Alison Brie chats about her Golden Globes nomination for her Netflix series GLOW and dishes on what it was like filming Steven Spielberg’s The Post with Meryl “f***ing” Streep.
The Screen Actors Guild Awards nominations were announced on Wednesday morning. Alison has been nominated for her work in GLOW for the Outstanding Performance by a Female Actor in a Comedy Series award. GLOW was also nominated for Outstanding Performance by an Ensemble in a Comedy Series and Outstanding Action Performance by a Stunt Ensemble in a Comedy or Drama Series. Congratulations to Alison and the GLOW cast and crew!
EW – On Wednesday, the SAG Awards announced their nominees for this year’s best performances in film and television, kicking the Oscar race into high gear.
Olivia Munn and Niecy Nash announced the nominations from the Pacific Design Center in West Hollywood on Wednesday morning. In the film categories, Three Billboards Outside Ebbing, Missouri led with a total of four nominations, including Frances McDormand, Sam Rockwell, and Woody Harrelson, as well as a nomination for best ensemble. Award season favorites like Lady Bird, Get Out, and The Shape of Water also picked up multiple nominations.
The SAG Awards also recognized rom-com favorite The Big Sick, which was surprisingly shut out of Monday’s Golden Globe nominations. Holly Hunter scored a best supporting actress nod, while the film was also nominated for best ensemble.
Historically, the SAG Awards are the awards show that best predict the eventual Oscar nominees — especially because SAG voters most closely overlap with Academy voters. There will always be some upsets, but as a general rule, SAG’s picks for actor, actress, supporting actor, and supporting actress are a good indication of who will eventually get nominated for an Academy Award. The award for best ensemble — SAG’s version of best picture — can also help a film gain Oscar buzz: Last year, four of SAG’s five best ensemble nominees all went on to score an Oscar nom for best picture.
Outstanding Performance by a Female Actor in a Comedy Series
Uzo Aduba, Orange Is The New Black
Alison Brie, GLOW
Jane Fonda, Grace and Frankie
Julia Louis-Dreyfus, Veep
Lily Tomlin, Grace and Frankie
Outstanding Performance by an Ensemble in a Comedy Series
Curb Your Enthusiasm
GLOW — Britt Baron, Alison Brie, Kimmy Gatewood, Betty Gilpin, Rebekka Johnson, Chris Lowell, Sunita Mani, Marc Maron, Kate Nash, Sydelle Noel, Marianna Palka, Gayle Rankin, Bashir Salahuddin, Rich Sommer, Kia Stevens, Jackie Tohn, Ellen Wong, Britney Young
Orange Is The New Black
Outstanding Action Performance by a Stunt Ensemble in a Comedy or Drama Series
Game of Thrones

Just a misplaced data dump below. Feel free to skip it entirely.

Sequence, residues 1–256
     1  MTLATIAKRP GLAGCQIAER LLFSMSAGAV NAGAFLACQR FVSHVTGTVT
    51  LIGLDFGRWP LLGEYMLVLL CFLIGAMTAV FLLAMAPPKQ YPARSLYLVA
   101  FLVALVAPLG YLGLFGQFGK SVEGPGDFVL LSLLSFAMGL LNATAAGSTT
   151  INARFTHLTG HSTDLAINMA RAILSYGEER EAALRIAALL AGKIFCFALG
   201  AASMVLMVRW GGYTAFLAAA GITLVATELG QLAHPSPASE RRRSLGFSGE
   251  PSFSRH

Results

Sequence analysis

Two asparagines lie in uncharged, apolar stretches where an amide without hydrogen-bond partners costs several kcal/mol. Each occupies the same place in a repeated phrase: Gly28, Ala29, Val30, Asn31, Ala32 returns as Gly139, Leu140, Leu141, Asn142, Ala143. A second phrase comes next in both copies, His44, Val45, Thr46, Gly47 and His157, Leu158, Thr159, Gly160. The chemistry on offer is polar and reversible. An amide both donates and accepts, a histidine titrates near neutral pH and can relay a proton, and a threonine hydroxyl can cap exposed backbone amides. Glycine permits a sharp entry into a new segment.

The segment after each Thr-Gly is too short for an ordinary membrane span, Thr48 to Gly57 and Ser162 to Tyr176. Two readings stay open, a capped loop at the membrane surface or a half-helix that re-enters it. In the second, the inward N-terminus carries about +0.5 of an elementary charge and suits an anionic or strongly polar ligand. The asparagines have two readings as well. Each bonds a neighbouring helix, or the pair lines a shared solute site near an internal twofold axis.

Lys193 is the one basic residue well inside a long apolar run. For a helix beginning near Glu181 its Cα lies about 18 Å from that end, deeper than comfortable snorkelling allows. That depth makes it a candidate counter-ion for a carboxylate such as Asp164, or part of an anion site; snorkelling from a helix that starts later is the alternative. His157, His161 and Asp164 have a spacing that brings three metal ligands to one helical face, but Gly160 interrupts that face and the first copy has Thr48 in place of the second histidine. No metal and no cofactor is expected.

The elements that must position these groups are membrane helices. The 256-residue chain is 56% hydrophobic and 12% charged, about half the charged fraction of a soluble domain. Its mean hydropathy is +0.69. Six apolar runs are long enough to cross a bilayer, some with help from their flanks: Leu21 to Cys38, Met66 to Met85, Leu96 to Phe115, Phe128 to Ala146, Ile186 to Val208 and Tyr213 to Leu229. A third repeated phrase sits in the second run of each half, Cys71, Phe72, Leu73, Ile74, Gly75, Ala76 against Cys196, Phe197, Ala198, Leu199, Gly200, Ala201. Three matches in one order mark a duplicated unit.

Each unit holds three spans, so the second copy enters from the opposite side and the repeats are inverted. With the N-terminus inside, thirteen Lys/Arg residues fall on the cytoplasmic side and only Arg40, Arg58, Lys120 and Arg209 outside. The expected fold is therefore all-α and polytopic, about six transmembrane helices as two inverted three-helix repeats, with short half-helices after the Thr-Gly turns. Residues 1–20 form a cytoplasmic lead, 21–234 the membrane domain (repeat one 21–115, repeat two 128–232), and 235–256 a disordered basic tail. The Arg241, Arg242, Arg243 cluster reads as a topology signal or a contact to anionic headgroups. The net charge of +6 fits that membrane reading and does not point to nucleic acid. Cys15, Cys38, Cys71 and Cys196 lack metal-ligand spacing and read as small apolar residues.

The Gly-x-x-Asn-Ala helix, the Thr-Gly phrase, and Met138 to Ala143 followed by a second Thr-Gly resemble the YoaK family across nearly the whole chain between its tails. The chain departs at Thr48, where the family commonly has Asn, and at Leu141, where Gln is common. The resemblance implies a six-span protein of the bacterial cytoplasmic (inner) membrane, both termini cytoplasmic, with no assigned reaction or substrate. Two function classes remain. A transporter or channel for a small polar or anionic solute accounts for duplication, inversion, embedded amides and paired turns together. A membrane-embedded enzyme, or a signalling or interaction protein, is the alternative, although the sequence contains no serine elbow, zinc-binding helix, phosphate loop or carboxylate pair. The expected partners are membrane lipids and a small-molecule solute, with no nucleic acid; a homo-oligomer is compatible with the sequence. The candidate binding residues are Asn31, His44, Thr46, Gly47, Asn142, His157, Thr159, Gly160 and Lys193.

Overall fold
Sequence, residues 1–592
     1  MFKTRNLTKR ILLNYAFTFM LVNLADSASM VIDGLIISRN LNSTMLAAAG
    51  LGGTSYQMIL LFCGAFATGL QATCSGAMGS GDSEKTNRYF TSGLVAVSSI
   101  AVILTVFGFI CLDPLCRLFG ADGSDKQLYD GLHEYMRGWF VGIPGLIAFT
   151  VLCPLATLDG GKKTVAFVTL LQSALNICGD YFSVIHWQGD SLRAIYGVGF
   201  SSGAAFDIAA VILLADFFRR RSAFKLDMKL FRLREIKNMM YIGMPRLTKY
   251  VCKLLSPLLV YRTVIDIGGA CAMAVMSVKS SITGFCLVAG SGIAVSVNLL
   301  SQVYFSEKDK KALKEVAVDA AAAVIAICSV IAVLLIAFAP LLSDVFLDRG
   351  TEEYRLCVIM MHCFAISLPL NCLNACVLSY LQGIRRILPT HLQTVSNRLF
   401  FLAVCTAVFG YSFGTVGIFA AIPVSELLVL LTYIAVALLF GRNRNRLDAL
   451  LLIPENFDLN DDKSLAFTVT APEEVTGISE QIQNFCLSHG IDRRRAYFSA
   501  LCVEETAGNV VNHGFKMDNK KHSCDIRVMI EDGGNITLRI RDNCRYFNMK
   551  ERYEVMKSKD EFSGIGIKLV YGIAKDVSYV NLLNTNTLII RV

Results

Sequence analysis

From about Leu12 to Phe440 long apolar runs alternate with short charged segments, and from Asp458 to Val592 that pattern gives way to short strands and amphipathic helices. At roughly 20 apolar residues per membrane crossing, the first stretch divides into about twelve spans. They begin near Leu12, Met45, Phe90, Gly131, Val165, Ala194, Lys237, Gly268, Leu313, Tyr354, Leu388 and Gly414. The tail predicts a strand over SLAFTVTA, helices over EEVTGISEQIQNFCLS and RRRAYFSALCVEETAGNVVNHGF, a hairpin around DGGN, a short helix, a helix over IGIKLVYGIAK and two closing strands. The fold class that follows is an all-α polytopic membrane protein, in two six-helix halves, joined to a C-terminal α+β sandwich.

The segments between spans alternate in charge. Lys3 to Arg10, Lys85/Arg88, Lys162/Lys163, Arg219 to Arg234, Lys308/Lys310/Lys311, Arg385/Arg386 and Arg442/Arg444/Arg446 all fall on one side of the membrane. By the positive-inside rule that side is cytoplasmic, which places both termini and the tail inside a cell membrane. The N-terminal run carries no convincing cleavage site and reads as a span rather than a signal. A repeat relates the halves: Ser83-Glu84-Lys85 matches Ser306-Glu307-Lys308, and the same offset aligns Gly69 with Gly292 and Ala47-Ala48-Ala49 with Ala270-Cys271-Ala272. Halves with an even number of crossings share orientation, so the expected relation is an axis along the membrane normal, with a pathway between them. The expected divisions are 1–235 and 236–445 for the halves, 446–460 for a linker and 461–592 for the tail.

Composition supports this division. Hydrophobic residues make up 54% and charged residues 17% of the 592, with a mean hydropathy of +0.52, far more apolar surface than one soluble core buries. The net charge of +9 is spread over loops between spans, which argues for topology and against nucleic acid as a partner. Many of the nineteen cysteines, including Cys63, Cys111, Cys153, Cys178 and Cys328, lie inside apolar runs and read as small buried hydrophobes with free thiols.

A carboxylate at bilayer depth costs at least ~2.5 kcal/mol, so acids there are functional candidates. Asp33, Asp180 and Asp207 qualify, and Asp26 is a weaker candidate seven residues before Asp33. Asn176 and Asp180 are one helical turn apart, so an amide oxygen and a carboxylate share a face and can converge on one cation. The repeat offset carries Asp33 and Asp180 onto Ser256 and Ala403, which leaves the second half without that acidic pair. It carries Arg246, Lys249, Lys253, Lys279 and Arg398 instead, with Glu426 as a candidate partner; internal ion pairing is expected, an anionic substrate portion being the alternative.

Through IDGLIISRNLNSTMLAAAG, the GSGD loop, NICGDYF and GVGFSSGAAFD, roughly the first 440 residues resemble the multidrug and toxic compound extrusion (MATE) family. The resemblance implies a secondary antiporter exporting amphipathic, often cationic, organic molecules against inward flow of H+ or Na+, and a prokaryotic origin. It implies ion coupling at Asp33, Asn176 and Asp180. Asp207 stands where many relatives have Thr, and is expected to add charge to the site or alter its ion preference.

The Walking Dead
The eventual winners will be revealed at the SAG Awards ceremony on Sunday, Jan. 21, on TNT and TBS.
The 75th Annual Golden Globe Awards nominations have been announced! Alison has been nominated for her work in GLOW for Best Performance by an Actress in a Television Series – Musical or Comedy. Alison’s other recent project, The Disaster Artist, was nominated Best Motion Picture – Musical or Comedy. Congratulations to Alison for her nomination! The Golden Globes will air on January 7, 2018 on NBC.
EW – Welcome to awards season: Monday morning, the Hollywood Foreign Press Association announced their nominees for this year’s 75th annual Golden Globe Awards, an event that annually honors the best in television and film.
In terms of network, HBO nabbed 12 nominations total, while Netflix followed with nine and FX with eight.
The Golden Globes, hosted by Seth Meyers, air Jan. 7, 2018 on NBC.
Best Performance by an Actress in a Television Series – Musical or Comedy
Pamela Adlon, Better Things
Alison Brie, GLOW
Rachel Brosnahan, The Marvelous Mrs. Maisel
Issa Rae, Insecure
Frankie Shaw, SMILF
Best Motion Picture – Musical or Comedy
The Disaster Artist
The Greatest Showman
NET-A-PORTER – A series about female wrestlers proved not just to be Alison Brie’s first starring role, but a life- and body-changing experience, too. The actress talks about working with her husband Dave Franco and finding her inner Glow with Jennifer Dickinson
A new job, a great one, can make you feel like a new person. For Alison Brie, her Golden Globe-nominated role in this summer’s surprise hit, Glow, made her look like one, too. The cult Netflix series tells the story of a group of women in the ’80s who sign up to become wrestlers, with 34-year-old Brie playing the engagingly imperfect Ruth. The actress really wanted to win the part. And even though her wide-eyed, lithe-framed, impossibly-glossy-haired brand of beauty had placed her on multiple ‘world’s most beautiful women’ lists – and this character required a helmet-like perm and borderline-steroid muscles – she didn’t hesitate. In fact, it made her desire it more.